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The Daily Wildcat

The Daily Wildcat


    Tucson comedy scene full of laughs

    Rebecca Marie Sasnett

    Performers for Tucson Improv Movement rehearse in their new theater on Seventh Street on Tuesday.TIM performs on Saturdays at the Red Barn Theater but are in the process of moving to its new space at 329 E. 7th St.

    Tucson’s comedy scene is alive and well, and in a few short years, Tucson has seen its number of comedy clubs grow. As Laffs Comedy Caffe, a longtime Tucson staple in local entertainment, celebrates its 25th anniversary, two other improv companies have also set up shop.

    Laffs, at the corner of Broadway Boulevard and Country Club Road, hosts weekly open mic nights as well as a plethora of rising stand-up comedians. Many of the comedians who have performed at Laffs over the years have eventually soared to stardom. Big names include Jerry Seinfeld, Ellen DeGeneres, Mitch Hedberg, George Lopez and many more.

    In 2012, Tucson Improv Movement introduced the community to another art form: longform improv comedy. Longform improv comedy consists of building an entire 20-35 minute show from a single idea provided by the audience. Justin Lukasewicz, founder of TIM, describes longform improv comedy as more artistic and similar to the Harold, an improv style developed in Chicago in the 1960s. In addition to the Harold-styled show, TIM offers Throwdown, Soap Box and Cage Match.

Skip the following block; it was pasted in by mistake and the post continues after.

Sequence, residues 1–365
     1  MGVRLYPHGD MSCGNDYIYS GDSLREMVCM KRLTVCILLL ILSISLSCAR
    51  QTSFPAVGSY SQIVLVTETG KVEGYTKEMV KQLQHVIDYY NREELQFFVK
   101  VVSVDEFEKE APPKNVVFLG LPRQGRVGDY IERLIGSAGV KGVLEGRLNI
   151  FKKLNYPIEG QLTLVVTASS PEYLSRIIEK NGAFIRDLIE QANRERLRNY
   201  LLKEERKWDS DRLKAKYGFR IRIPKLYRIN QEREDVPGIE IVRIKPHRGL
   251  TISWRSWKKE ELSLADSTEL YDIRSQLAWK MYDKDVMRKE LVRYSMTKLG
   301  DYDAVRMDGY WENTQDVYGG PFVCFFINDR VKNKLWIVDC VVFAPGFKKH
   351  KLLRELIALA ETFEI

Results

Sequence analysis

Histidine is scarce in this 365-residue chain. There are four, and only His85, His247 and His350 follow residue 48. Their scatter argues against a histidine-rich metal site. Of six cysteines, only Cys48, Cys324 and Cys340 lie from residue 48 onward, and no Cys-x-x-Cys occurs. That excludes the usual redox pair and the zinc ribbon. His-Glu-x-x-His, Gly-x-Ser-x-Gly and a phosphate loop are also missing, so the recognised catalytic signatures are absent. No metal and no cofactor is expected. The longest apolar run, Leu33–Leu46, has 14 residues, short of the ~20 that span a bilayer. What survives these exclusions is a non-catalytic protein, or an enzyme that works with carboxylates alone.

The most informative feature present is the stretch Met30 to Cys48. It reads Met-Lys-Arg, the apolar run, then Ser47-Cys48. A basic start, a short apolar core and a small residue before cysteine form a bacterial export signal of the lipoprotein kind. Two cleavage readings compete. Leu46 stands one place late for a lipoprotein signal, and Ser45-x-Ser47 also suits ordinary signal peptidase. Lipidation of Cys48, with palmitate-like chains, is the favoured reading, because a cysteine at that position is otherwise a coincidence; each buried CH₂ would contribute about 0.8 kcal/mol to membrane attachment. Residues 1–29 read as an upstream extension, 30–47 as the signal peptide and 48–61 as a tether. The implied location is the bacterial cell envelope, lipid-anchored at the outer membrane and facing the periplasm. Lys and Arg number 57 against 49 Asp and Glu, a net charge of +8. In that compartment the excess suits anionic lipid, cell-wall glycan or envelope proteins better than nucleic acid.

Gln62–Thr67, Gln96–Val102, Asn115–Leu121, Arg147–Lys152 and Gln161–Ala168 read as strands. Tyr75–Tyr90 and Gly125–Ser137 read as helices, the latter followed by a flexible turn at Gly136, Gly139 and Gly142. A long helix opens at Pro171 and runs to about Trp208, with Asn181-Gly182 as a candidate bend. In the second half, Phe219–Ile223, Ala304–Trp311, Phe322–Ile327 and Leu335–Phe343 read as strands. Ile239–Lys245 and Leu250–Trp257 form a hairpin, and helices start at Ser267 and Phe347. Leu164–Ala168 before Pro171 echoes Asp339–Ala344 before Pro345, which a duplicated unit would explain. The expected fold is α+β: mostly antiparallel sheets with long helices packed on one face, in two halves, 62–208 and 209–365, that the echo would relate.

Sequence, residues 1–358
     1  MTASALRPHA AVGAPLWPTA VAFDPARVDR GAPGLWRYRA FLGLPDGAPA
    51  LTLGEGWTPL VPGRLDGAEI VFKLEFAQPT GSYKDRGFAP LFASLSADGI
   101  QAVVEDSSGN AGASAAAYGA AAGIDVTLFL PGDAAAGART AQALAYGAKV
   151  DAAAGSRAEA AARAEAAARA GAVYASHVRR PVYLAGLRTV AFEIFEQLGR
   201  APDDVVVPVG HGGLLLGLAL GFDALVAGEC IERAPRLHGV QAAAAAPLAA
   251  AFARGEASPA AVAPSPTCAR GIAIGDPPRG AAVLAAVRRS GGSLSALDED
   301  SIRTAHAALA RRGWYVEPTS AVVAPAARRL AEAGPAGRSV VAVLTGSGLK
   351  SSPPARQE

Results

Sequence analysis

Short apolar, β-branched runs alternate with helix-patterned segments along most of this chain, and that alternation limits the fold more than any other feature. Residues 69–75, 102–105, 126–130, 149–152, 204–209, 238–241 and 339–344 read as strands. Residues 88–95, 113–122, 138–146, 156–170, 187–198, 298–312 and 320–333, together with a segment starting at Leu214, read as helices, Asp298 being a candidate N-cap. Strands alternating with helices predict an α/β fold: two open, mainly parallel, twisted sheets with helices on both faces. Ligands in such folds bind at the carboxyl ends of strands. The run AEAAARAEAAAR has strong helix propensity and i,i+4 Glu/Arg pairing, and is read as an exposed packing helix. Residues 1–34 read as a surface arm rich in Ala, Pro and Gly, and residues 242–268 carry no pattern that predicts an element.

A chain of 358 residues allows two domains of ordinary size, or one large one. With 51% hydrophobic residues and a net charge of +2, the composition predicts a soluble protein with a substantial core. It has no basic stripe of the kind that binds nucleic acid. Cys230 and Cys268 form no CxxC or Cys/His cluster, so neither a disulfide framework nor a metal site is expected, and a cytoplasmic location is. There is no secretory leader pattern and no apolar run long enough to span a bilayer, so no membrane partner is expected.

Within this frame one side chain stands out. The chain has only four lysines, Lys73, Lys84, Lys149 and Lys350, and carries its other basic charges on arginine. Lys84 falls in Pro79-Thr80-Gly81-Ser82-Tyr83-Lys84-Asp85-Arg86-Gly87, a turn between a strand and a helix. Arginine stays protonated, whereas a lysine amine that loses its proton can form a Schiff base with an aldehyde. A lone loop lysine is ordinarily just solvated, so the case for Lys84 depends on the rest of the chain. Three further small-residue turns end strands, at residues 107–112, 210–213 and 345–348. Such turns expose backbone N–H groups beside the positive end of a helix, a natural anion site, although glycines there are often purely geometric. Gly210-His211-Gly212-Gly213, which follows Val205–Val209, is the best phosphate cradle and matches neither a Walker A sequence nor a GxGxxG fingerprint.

TIM offers five levels of comedy classes to the general public. People who wish to become a member of the company must first complete a minimum number of classes to learn the philosophy in order to be able to audition to join the company.

    “[TIM has] 30 performers from all different walks of life,” Lukasewicz said. The diverse backgrounds of actors create an interesting team.

    Previously, TIM was based out of the classic Red Barn Theatre. However, due to increasing popularity through word-of-mouth and social media, the company has quickly outgrown that location, and is now moving to a new location on Fourth Avenue. Although TIM will have a space of its own, it now has to purchase all the equipment to go inside, including a stage, lighting, seats and everything else that goes into running a theater. In order to fund this massive project, TIM has launched a full-fledged crowdsourcing campaign through Kickstarter.

    TIM has had huge help from the community thus far; with just less than two weeks left of the campaign, it has raised almost 75 percent of its goal. The new theater is expected to open in September.

    The support from so many Tucson residents is indicative of a greater interest in improv comedy overall. Lukasewicz said it encourages a fun and positive environment since there is an implicit agreement attitude. The interaction between the performers and members of the audience makes each show dynamic as well as engaging.

    With that attitude in mind, it is not surprising that TIM is not the only improv troupe establishing a theater of its own in recent history. Not Burnt Out Just Unscrewed is another improv troupe and although formed in 2002, it just opened up its theater within the past year. The troupe specializes in shortform improv comedy rather than longform improv comedy. It regularly schedules family-friendly shows along with its late-night variety.

    Lukasewicz said that each theater has a different focus and that TIM and Not Burnt Out Just Unscrewed do not view one another as competition. In fact, the two hope to work together to bring in guest comedians in and maybe even host festivals in the future.

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